POCUS influences clinical management – part 394.
Nixon G, Blattner K, Finnie W, Lawrenson R, Kerse N. Use of point‐of‐care ultrasound for the assessment of intravascular volume in five rural New Zealand hospitals. Can J Rural Med 2019;24:109‐14.
Another of Garry’s papers on POCUS, again showing it alters clinical decisions, this time for assessing intravascular volume.
Introduction: Measuring the diameter of the inferior vena cava (IVC) or the height of the jugular venous pressure (JVP) with point‐of‐care ultrasound (POCUS) is a practical alternative method for estimating a patient’s intravascular volume in the rural setting. This study aims to determine whether or not POCUS of the IVC or JVP generates additional useful clinical information over and above routine physical examination in this context.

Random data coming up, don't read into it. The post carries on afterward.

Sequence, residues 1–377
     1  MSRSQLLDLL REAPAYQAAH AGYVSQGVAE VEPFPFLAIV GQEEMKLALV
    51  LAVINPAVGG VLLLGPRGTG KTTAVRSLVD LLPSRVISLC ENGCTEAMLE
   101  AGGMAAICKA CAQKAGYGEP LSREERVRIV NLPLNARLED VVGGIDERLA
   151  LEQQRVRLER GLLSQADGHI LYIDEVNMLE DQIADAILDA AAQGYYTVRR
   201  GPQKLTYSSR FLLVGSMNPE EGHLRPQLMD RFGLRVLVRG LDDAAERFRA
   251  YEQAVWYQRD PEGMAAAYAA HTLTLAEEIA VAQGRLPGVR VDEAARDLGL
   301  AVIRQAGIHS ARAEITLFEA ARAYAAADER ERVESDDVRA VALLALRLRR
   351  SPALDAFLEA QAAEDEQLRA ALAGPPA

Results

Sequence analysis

Methods: Twenty generalist physicians, working in five New Zealand rural hospitals, recorded their estimation of a patient’s intravascular volume based on physical examination and then again after performing POCUS of the IVC or JVP, using a visual scale from 1 to 11.
Results: Data were available for 150 assessments. There was an only moderate agreement between the pre‐ and post‐test findings (Spearman’s correlation coefficient = 0.46). In 28% (42/150) of cases, the difference was four or more points on the scale, and therefore, had the potential to be clinically significant.
Conclusion: In the rural context, POCUS provides new information that frequently alters the clinician’s estimation of a patient’s intravascular volume.